Now since Hugo 0.32, with Resources, you have a better option.

The content folder is a bit more clustered but every images/files are stored within their post directory bundle. And their url will follow the posts’ too.

.
└── content
    β”œβ”€β”€ post
    β”‚   β”œβ”€β”€ i-love-eating-cupcakes
    β”‚   β”‚   β”œβ”€β”€ index.md // That's your post content and Front Matter
    β”‚   β”‚   └── images
    β”‚   β”‚       β”œβ”€β”€ yummpy-cupcake.jpg
    β”‚   β”‚       └── shiny-glaze.jpg
    β”‚   └── i-hate-baking-cupcakes
    β”‚       β”œβ”€β”€ index.md // That's your post content and Front Matter
    β”‚       └── images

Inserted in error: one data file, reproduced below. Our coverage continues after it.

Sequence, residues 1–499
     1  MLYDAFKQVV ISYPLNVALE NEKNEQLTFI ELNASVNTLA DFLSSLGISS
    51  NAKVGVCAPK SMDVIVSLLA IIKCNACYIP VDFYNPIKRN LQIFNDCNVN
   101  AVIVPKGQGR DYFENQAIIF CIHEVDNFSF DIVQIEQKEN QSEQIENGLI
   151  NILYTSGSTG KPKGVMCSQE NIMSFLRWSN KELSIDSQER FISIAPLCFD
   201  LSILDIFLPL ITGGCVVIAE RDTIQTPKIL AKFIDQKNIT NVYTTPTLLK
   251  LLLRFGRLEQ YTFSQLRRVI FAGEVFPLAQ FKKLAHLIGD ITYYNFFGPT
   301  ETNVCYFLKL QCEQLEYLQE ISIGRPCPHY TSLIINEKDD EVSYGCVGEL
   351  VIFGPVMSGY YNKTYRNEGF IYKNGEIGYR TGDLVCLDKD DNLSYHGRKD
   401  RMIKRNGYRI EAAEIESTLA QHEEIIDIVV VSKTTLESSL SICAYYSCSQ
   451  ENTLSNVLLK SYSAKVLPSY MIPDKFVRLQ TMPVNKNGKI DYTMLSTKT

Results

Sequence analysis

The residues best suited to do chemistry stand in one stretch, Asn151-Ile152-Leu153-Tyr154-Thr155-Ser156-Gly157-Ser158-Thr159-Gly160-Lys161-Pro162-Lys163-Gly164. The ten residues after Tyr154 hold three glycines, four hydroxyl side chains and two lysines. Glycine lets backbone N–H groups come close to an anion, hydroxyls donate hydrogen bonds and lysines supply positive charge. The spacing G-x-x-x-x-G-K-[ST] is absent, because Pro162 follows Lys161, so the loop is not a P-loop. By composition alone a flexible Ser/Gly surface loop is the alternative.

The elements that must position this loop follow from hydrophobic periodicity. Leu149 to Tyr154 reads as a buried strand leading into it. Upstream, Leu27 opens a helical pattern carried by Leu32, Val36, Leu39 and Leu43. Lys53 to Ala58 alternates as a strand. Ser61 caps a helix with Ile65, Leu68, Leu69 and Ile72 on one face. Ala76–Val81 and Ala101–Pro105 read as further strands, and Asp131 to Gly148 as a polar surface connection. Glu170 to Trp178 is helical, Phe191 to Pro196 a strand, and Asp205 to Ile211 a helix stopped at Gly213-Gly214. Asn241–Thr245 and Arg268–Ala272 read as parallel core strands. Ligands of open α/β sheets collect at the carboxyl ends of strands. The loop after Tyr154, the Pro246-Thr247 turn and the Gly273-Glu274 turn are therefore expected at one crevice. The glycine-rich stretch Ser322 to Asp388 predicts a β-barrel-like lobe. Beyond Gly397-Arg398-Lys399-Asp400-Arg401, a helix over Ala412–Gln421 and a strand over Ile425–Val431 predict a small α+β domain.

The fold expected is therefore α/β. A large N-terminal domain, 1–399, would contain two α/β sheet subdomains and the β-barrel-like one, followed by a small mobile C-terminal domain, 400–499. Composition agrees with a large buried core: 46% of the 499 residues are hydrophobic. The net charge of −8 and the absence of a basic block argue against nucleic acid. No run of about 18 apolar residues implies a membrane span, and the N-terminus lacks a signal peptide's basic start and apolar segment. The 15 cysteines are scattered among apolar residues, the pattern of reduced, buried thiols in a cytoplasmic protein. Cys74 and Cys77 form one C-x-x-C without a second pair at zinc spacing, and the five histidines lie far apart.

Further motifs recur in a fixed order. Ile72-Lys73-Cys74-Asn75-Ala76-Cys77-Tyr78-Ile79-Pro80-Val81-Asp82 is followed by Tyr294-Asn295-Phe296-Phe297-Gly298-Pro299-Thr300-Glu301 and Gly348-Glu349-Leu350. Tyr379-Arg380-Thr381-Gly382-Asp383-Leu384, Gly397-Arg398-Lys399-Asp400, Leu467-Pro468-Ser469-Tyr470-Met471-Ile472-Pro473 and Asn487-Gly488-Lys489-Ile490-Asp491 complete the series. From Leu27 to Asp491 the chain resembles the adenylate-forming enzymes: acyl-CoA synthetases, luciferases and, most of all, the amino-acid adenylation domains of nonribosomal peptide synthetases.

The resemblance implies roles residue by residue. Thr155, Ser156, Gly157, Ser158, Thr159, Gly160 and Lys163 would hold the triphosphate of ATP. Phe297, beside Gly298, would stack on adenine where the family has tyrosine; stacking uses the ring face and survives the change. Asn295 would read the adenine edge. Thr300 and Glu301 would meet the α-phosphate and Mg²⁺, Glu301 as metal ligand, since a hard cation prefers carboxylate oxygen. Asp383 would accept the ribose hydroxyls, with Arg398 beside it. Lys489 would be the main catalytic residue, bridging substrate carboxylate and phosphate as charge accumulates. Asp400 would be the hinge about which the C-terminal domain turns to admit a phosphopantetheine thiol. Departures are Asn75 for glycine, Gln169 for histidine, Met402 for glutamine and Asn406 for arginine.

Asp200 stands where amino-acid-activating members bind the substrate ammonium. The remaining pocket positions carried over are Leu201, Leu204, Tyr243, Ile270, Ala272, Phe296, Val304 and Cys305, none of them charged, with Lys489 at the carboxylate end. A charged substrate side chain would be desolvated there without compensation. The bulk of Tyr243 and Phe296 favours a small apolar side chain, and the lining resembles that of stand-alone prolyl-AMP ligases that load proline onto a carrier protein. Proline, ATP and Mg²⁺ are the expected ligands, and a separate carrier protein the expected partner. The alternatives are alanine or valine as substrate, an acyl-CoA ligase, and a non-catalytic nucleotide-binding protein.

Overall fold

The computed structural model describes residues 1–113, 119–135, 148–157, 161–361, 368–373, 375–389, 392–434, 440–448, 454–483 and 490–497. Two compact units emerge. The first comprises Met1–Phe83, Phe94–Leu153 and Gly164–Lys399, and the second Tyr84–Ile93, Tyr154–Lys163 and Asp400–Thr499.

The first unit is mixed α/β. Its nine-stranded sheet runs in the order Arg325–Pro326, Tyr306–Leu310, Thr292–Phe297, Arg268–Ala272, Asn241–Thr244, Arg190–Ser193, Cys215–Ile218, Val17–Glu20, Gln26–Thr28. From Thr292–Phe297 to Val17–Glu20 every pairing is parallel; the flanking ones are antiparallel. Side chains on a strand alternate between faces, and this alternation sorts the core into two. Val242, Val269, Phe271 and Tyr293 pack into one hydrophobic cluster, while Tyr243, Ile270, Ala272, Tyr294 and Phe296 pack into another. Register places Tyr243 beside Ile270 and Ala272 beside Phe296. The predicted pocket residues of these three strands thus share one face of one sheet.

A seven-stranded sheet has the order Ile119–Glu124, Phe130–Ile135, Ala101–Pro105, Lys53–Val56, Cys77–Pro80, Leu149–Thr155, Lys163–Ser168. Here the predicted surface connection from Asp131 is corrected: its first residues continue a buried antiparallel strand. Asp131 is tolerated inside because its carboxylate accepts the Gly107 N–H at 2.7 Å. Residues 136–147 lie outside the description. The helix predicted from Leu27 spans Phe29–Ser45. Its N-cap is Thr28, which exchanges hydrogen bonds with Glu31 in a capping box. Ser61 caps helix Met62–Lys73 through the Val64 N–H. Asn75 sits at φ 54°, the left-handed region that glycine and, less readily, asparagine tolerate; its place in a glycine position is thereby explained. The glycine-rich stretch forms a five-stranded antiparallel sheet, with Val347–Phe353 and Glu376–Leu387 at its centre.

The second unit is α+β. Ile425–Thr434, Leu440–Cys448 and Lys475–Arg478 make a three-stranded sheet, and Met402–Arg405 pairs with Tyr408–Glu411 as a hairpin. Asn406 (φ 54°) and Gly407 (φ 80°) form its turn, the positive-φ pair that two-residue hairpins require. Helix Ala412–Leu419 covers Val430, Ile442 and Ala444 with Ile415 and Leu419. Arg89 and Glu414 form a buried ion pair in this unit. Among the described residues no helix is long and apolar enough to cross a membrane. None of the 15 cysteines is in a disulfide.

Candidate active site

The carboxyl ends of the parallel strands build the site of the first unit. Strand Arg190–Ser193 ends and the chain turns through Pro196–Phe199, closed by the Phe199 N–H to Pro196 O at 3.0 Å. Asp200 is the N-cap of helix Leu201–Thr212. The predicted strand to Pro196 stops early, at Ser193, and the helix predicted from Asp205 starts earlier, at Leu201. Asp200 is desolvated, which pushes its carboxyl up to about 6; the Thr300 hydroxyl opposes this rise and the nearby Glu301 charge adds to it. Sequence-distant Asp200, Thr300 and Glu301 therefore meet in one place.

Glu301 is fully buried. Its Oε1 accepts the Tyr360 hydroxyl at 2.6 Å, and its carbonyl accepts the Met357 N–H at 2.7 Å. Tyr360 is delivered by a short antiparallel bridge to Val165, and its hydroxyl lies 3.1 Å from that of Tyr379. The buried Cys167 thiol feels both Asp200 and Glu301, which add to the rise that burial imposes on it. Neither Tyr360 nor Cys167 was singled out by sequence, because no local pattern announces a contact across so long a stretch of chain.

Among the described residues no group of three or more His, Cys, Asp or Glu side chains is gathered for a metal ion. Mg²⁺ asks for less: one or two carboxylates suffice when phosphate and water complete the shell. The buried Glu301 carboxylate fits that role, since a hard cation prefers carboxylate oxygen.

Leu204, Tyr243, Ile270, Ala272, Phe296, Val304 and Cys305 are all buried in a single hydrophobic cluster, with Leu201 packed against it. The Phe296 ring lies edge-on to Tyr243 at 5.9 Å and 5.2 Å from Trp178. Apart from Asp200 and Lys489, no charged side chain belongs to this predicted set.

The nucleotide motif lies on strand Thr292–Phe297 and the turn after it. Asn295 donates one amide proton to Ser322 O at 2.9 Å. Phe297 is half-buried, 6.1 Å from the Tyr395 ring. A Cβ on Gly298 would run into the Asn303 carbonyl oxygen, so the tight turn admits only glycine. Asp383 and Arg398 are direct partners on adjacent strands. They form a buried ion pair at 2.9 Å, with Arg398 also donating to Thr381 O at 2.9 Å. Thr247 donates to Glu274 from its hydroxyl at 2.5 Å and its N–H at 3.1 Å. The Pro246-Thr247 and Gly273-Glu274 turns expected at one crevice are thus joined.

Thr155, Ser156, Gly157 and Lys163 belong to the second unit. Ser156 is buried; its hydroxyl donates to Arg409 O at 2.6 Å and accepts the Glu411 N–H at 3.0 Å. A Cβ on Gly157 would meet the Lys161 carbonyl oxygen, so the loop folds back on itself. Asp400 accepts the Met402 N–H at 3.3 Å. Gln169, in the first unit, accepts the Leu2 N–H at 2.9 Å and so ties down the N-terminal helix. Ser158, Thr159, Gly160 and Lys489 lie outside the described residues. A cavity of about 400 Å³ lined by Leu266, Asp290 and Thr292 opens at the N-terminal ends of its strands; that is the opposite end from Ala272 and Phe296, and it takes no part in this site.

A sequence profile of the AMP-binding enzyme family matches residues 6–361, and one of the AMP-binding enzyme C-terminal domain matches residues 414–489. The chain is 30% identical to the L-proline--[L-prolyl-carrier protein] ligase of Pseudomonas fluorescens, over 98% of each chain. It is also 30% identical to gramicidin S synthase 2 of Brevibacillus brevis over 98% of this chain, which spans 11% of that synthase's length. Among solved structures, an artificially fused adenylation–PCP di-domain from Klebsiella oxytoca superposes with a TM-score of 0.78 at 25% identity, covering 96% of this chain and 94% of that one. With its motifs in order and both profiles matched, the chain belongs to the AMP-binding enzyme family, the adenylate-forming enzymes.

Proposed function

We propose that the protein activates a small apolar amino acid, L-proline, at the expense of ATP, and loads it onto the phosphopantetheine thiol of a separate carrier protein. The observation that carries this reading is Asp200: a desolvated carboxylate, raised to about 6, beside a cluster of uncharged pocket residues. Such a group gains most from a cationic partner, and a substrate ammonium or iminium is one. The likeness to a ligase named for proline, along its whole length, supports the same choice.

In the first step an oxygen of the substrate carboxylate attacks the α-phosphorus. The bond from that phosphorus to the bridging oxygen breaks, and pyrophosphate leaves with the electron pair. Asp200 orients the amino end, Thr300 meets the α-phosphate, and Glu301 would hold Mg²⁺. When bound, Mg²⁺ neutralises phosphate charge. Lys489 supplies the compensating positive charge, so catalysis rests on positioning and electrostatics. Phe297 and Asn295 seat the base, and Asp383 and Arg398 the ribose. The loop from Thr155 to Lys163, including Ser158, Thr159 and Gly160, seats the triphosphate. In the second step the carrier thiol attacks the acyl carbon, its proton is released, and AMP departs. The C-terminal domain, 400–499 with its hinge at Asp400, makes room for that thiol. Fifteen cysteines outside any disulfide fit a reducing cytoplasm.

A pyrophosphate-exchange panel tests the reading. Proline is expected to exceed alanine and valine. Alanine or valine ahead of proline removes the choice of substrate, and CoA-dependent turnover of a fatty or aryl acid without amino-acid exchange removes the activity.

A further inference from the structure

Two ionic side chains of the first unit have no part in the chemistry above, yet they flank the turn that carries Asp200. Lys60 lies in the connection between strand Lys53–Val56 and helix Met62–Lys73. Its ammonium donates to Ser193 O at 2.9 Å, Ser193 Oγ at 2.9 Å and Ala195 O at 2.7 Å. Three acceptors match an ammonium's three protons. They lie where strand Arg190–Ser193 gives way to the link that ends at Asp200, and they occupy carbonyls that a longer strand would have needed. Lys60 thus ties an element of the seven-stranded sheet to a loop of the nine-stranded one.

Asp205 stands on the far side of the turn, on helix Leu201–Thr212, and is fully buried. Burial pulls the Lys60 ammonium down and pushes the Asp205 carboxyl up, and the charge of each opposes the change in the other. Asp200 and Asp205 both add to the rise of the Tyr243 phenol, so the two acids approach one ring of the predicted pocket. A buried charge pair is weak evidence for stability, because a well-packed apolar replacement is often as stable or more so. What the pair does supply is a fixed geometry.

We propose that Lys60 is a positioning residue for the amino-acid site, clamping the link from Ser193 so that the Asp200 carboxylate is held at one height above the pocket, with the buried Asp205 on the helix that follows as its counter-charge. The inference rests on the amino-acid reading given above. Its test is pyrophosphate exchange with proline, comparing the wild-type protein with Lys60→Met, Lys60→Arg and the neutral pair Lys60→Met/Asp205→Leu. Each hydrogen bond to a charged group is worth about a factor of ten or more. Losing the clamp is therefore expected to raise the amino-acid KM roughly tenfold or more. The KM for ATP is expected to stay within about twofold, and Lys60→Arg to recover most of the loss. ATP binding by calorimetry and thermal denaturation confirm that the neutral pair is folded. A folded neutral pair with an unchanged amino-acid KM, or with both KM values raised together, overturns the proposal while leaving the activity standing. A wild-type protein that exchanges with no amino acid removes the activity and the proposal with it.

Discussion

β”‚           β”œβ”€β”€ overcooked-dough.jpg
    β”‚           └── sloppy-icing.jpg
    └── page

What are their methods and properties?

Available methods for .Resources

.Resources.ByType (func)

Allow to retrieve all the page resources by type.

{{ with .Resources.ByType "image" }}
    <div class="Image">
    {{ range . }}
        <img src="{{ .RelPermalink }}">
    {{ end }}
    </div>
{{ end }}

.Resources.GetByPrefix (func)

Allow to retrieve one resource according to the first caracters of its filename. It is handy if you don’t necessarly know the right extension. It is case sensitive.

// To find DearJohn.doc
.Resources.GetByPrefix "Dear" βœ… 
.Resources.GetByPrefix "DearJohn" βœ…
.Resources.GetByPrefix "DearJohn.doc" βœ… 
.Resources.GetByPrefix "dearjohn" 🚫
.Resources.GetByPrefix "John" 🚫

Available properties for one resource.

What to do when I found it?

.ResourceType (string)